After spending a morning at the most touristy photo spot I’ve ever seen in my life, during sunrise at Angkor Wat, I decided that it was probably best I asked my tuk-tuk driver to start taking us to places that fewer tourists visit. We asked to get farther away from the crowds and try to take us to places within Angkor Wat Archaeological Park that were, perhaps, less impressive, but more detailed and less restored.
It was the best decision I’ve ever made. Our Tuk-Tuk drive around Angkor Wat was amazing. He did his best to make sure we got to some really cool temples and sights in the area when as few tourists were around as possible. And to be honest, maybe the best part about it all was cruising around in the Tuk-Tuk letting the air cool off what was easily a 35 degree afternoon in western Cambodia.
The first place we went after leaving sunrise behind what this bridge with buddha statues. And well I’m sure every tourist comes here, and they should, it was incredible. My favourite photo, though, has nothing to do with the statues, but this incredibly photogenic boy heading home from a morning fishing.
Taking a Tuk Tuk Around Angkor Wat
Honestly, after that sunrise in the park, I was worried that I would going to be greatly disappointed with the place, in general. However, within a couple hours of leaving, I realized that Angkor Wat is very much worthy of the crowds that pile through here each and every day.
Photos of the Temples of Angkor Way
Anyways, this is a photo post from the area. I tried my best to focus my photography in the archaeological park on the details rather than attempting to capture the whole scene. As a photographer, the thing I work the most on is my composition and “eye”. I’m as technical as it comes, so for this visit I really tossed away much of the tech side of photography and really maintained my focus on creating more simple, well thought out, images.
Here they are – and the stories behind them.
The monks were interesting to me. But I would have had a hard time being a monk in Angkor Wat. Everywhere they go, people are snapping photos.
I did my best to focus on the details of Angkor Wat. It’s so distracting to grab entire scenes and temples. Instead, images like this are much cleaner. For me, they also tell much more of a story. I loved all the rock carvings at the temples. For me, images like this were far more rewarding that the big hero images from sunrise.
The people,too, made for great photo subjects. Outside one of the temples, I caught an artist having a bit of a nap with his work alongside him. I loved capturing street photography style images here in the ruins.
One of the most popular temples, the “tomb raider” temple is almost always packed with visitors. However, they all seem to flock to one section. Around a corner, we found some cool spots that we had all to ourselves. Isn’t incredible how the roots of the trees wrap around the stone?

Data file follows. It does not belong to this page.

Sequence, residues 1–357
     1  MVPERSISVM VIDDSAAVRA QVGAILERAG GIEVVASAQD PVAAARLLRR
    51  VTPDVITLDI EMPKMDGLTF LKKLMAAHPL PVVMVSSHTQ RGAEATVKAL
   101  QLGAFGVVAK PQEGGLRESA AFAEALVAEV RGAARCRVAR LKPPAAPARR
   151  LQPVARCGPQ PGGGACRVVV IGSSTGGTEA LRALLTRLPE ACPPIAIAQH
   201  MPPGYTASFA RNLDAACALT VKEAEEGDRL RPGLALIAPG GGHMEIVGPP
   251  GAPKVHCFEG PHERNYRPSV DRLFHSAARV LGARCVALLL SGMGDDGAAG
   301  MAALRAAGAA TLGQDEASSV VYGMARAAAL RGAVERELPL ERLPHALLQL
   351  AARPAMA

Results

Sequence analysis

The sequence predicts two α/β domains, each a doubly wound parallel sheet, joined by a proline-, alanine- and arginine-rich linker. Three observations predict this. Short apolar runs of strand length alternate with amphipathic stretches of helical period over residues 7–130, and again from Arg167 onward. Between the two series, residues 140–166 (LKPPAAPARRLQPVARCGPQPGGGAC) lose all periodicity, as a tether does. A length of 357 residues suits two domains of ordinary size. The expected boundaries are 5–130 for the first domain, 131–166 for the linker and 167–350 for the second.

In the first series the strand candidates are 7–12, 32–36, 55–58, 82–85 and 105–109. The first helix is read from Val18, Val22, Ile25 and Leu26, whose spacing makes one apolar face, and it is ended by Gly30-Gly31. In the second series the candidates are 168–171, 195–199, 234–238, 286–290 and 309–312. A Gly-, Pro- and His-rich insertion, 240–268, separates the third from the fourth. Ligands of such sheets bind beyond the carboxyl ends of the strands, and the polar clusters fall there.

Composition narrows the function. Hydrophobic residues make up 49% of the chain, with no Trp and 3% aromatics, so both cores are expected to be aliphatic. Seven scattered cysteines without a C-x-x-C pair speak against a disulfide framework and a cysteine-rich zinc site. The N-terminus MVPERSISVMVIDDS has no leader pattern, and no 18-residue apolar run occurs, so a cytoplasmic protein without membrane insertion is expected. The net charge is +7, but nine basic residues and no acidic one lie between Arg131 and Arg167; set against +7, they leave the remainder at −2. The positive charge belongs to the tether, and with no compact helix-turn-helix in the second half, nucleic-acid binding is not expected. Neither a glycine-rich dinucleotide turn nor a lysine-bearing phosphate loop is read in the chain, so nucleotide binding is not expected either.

In hindsight, this was actually my favourite temple in Angkor Wat. I loved the Buddhas carved into the pillars. The smiling faces etched into the rock is just special. It does so much to keep your mood light as you wander through the heat and the ruins.
Once again, for me it was really the details of Angkor Wat that shone through.
I loved the contrast of colours here. It’s all so subtle. It might be that giant temple photo at sunrise that draws people to Angkor Wat, but it’s the details that are truly special.
I’m a sucker for monkeys. Anyone who knows me knows that they are my favourite animal. So, it goes without saying that I thought the “monkey” temple was also really cool. I busted out my 70-200mm lens here because I thought that there were actual monkeys. As you’ll see from the next images, I was wrong.
And to end things, here’s a cute little girl that was organizing postcards for her mother that was sweeping footpaths in the park. Of course, you shouldn’t buy from kids this age in the park as their parents have put them to work far too young. However, they love posing for photos, and seeing themselves on the camera. Let kids be kids, have some fun with them rather than just shunning them off and telling them to bugger off.
Photography Trip to Angkor Wat
In the end, I decided to spend 2 full days of photography at Angkor Wat. I probably could have used 3.
My biggest recommendation is to definitely hire a tuk tuk. You can’t rent your own scooter here, and with a bicycle you won’t cover enough ground in a day, and you’ll melt in the head and humidity. The tuk tuks are good value, and they know all the best spots.